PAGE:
Sometimes the best of intentions can have unintended results. Many high school yearbooks have pictures of their alumni and if you look at all the quotes under those photo’s, one that seems to pop up frequently is, “voted most likely to succeed”. Somebody at the time thought this was a cute idea, and their classmates agreed that so-and-so will be the most successful out of the entire class. What pressure!
So what happens then if you go on to University or College, and then realize upon graduating that you’re just one more person out there with hopes and dreams looking for a job? And then after a few months of unsuccessfully looking for a job, you run into your former classmates who all expected you to be bringing in the cash and well established in some large well-known organization. But you aren’t are you? You’re unemployed; struggling to make ends meet, and somebody tells you that they ran into someone from your school that you had thought was never going to amount to anything, and they have a great job and are doing well. More pressure.
So the first thing to realize is where this pressure is coming from. Well of course it’s those expectations you put on yourself in the first place, and the added expectations of your peers. Remember first of all that those expectations were thrust upon you by high school students at the time who knew very little about how tough it is to get a job; you yourself didn’t know either. Markets change, companies come and go, industries go through hiring phases and periods of lay-offs and contraction. So when you started to look for a job, you have to take the pulse of the economy and what field you are looking at.
The other thing about expectations is that the kind of job you are willing to be seen by others working at becomes important. Sure you could get a job selling greeting cards in the mall, but there may be part of you that doesn’t want your friends to know that. Why? Well again, it’s the social stigma of being expected, unrealistically I might add, to have the best job of all the graduating class that year.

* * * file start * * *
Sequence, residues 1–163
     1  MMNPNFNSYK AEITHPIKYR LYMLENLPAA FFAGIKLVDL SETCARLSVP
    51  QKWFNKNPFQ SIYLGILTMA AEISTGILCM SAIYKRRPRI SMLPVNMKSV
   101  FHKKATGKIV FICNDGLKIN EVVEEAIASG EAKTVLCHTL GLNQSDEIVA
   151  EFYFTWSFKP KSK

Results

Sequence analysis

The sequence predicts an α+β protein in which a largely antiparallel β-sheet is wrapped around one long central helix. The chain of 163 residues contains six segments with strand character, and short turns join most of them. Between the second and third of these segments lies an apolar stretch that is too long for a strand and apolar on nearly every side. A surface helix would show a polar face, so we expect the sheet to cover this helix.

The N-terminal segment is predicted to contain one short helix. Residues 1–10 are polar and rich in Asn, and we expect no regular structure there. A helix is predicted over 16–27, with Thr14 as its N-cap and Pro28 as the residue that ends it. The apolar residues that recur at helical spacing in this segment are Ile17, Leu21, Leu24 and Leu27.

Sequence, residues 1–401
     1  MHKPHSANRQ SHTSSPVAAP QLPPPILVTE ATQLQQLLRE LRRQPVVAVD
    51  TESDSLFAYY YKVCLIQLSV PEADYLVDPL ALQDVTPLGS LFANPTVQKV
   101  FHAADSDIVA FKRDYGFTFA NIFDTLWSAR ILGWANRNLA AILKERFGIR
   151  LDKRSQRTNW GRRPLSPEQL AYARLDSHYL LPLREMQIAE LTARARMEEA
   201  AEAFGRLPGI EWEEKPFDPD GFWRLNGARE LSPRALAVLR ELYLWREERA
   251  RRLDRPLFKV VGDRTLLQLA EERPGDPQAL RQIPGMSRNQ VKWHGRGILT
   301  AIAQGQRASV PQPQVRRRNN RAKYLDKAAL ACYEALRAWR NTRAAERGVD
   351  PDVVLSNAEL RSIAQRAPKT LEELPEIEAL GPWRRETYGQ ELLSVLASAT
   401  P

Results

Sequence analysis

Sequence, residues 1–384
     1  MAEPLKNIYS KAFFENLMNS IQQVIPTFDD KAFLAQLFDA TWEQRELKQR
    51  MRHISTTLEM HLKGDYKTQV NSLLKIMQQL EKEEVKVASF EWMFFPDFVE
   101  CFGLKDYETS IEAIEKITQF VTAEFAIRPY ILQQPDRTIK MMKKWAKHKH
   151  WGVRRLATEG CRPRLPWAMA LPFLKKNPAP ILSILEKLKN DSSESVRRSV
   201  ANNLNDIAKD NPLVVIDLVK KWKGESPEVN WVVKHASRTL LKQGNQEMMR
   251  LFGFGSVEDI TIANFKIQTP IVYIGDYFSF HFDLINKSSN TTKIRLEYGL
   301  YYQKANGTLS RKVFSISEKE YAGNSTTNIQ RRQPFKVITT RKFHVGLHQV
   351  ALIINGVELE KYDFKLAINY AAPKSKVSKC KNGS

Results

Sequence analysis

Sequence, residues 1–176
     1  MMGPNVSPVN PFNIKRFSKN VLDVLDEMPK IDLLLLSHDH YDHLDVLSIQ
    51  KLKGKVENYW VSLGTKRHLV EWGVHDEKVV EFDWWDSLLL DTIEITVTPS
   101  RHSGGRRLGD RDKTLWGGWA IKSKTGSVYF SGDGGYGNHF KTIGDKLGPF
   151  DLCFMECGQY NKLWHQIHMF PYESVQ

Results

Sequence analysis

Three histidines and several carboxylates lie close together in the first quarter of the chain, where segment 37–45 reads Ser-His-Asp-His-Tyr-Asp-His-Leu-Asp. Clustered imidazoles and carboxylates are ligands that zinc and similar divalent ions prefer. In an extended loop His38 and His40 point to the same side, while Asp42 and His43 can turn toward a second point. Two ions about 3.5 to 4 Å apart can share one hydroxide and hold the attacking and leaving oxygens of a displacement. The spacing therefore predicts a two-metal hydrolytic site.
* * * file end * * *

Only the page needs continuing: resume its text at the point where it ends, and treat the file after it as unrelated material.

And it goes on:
Experience in a broad range of employment sectors can actually be beneficial in the long run. You may still just be laying the foundation for future success by trying out entry level positions in retail, manufacturing or labour and that experience, those references and recommendations may lead to a wonderful opportunity down the road. That’s what’s great about life; you never know really where life will take you and what job might interest you enough to pull you in a completely different direction. Few people I know in my work said when they were fifteen years old, “I want to be a Welfare Worker”. Most didn’t even know that job existed, although the job title has undergone a change.
Now that you’ve graduated and have joined the ranks of the job seeking, you may also have noted that you are no longer the ‘star’ shining down on the rest of us. Your high school days of being the darling of the dance floor, the dreamboat of the prom, or the exceptionally talented athlete are over. You’re just as good, but no better than most of your peers, and in some cases, they are much better now than you are, and that makes you something you may have never been before; average and normal.
So those lofty expectations are still hanging on you unfairly. Recognize though that you have the power to leave them on your shoulders or remove them and just get on with your life like everyone else. In the course of a lifetime, the average person is going to change their job about eight times; their field of work about five times. When this happens, it will be new and exciting and different and maybe perplexing too. If you could look into your future and see what you’d be doing years from now, you might say, “No way!”; and you’d be wrong.
Now you can still excel of course. However, the skills you had in high school aren’t going to be good enough to succeed long term unless you build on existing skills, and learn new ones. Learning new things is exciting and a chance to grow both physically and mentally. This stimulation is often why people want to get ahead and try new things. It helps us become more well-rounded, valuable to employers, in demand, and it keeps our own brains active.
So if you are uneasy, unnerved and experiencing a lack of self-confidence and self-esteem for the first time, maybe you’re just going through what many of your classmates went through in high school when they felt awkward, unpopular and unwanted. A frustrating job search can rob anyone of their self-worth and change their perception. It just means you are growing, and maturing. In the end, it will probably all work out for you just as it will for your peers, but there is no guarantee; you’ll have to work hard to succeed perhaps.
So I’m pulling for you. Whether you live of life of entitlement or you have to struggle, I really hope you have the good fortune to be productive and happy in your work life. We all deserve that much.